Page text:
Match Game ’73

Too racy for the Game Show Network but fair game for the Internet, the episode asks a question so simple, the missing word is on the lips of oh so many silent players: The police commissioner said,I think Batman and Robin are _______.”
Our contestant Sandy tries to disappear inside her royal-and-mauve tartan blouse. She grabs her brow, delighting our sponsor Excedrin. Begrudgingly, she speaks: Queer. Then applause, laughter, relief. Self-deprecation courtesy of Richard Dawson, in porn ‘stache and sideburns. Gene Rayburn passes the potato to Bobby Van, who gives Sandy a match with QUEER on his card. Van’s wife Elaine Joyce displays QUEERS. Another green triangle lights up for Sandy.

Charles Nelson Reilly of all people gets it wrong. Dawson and Brett Somers pour on the esoteric, but Nanette Fabray writes FAIRIES, which of course counts as QUEERS, as URBAN counts as BLACKS, as 57 CENTS for women counts as ONE DOLLAR for men. Before Sandy could take home a few hundred bucks, more blanks needed to be filled, entendres doubled, cigarettes relit, large-collared guffaws taped in front of a live studio audience. The era preserves itself with a recorder seemingly everywhere, a small portion of tape to be erased due to constraints of time.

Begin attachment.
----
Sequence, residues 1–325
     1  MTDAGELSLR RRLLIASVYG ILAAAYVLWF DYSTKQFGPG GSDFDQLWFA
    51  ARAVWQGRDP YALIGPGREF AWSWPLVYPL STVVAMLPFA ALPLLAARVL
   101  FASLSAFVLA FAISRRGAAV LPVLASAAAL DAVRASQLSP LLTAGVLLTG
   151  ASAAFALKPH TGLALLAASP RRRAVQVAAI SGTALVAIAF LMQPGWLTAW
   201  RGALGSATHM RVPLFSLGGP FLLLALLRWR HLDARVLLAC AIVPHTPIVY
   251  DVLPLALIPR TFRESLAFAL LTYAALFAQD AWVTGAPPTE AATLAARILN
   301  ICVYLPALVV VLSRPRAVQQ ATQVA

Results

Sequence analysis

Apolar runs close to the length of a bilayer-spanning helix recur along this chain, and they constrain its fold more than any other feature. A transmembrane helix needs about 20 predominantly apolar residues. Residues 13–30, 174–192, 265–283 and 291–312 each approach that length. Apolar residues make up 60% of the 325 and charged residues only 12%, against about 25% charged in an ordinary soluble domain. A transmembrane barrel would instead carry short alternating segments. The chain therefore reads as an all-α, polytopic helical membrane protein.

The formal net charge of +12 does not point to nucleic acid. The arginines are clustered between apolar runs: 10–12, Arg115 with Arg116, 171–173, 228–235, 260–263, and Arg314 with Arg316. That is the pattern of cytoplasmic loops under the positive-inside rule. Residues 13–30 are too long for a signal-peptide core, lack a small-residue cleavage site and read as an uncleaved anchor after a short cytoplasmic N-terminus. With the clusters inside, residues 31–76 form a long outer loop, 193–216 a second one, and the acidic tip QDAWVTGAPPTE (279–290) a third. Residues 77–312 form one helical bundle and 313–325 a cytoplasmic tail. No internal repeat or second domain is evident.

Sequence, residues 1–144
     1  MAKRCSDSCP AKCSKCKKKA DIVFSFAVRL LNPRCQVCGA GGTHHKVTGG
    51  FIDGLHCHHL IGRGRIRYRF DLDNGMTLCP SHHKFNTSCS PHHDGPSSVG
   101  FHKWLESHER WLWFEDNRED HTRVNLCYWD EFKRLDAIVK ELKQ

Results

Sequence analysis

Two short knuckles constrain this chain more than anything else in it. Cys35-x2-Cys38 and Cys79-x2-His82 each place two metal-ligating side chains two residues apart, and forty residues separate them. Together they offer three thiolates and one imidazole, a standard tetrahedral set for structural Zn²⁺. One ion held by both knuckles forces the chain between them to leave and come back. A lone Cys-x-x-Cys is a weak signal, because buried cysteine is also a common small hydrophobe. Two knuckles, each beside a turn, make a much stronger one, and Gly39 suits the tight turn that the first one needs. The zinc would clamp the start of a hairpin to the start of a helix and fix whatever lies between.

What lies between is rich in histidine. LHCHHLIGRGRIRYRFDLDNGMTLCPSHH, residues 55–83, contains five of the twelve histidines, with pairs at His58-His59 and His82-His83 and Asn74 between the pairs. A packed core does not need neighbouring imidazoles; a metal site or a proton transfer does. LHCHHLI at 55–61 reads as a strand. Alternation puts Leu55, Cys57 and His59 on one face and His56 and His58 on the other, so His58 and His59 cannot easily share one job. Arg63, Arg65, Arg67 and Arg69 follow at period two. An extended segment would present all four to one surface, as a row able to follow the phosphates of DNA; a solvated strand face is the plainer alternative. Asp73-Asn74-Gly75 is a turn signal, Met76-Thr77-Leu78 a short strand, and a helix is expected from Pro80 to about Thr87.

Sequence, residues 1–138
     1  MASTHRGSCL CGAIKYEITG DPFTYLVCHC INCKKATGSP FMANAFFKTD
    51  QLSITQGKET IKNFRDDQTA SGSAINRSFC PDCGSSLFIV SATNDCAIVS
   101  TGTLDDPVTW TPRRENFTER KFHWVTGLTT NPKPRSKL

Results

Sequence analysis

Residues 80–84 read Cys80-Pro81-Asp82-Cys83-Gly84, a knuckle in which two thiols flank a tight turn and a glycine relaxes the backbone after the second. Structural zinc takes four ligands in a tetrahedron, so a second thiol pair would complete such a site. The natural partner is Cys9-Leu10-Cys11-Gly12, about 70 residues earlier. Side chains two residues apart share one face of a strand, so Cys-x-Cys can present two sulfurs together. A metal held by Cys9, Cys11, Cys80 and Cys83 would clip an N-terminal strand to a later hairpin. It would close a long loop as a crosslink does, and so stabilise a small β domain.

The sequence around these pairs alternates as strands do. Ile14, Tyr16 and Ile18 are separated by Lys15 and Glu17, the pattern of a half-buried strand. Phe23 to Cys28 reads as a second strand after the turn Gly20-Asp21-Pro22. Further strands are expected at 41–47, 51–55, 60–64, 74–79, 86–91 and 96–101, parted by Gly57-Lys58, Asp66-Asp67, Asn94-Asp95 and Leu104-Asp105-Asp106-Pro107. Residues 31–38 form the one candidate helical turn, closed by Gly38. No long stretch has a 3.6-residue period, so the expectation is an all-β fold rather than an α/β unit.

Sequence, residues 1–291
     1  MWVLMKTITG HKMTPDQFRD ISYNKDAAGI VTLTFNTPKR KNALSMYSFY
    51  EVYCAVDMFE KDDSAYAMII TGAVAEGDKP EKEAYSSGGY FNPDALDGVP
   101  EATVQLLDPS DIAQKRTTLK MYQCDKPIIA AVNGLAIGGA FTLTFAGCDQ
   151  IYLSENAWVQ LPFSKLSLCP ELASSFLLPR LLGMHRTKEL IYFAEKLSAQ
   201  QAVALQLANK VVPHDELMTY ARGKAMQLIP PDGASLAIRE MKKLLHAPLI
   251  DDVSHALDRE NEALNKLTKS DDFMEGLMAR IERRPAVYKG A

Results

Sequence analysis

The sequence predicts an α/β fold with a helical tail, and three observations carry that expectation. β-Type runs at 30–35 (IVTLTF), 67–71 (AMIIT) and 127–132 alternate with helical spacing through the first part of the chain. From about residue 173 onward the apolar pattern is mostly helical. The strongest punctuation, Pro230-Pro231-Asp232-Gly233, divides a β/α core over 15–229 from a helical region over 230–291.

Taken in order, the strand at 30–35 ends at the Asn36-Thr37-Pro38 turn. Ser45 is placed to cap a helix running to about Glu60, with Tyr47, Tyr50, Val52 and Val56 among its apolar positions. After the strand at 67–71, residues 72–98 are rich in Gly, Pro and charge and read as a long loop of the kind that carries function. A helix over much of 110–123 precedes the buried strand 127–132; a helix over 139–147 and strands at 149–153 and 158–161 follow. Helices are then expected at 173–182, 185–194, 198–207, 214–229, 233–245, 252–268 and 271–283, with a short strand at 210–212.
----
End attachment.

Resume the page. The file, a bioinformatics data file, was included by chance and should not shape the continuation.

What’s so amazing about this prose poem is how it repeats the words “queer” and “queers” in such a way that they are progressively and/or simultaneously embarrassing, funny, hurtful, meaningful, and not-meaningful. The turns of this poem, in other words, come so fast that you almost can’t keep up. From homophobia the poem turns to racism and sexism in a smart and savvy way, giving the reader a fill-in-the-blanks lesson that points out the obvious wrongness of the answers.

“Match Game ’73” makes an oft-heard statement about language – that language has political force – in a new and powerful way, and is funny at the same time. Such a feat brings to mind Nikki Giovanni’s marvelous poem “Seduction.” Shapiro’s poem seems light-hearted and pop-culture-referencey at first, but it turns into a bitter statement about injustice and complacency.



Jessy Randall is the Curator of Special Collections at Colorado College. Her latest book is Injecting Dreams into Cows (Red Hen, 2012). She and Daniel M. Shapiro are the authors of Interruptions: Collaborative Poems (Pecan Grove, 2011).

Daniel M. Shapiro. “Match Game ’73” from How the Potato Chip was Invented, Sunnyoutside Press, 2013. Reprinted with permission of the author.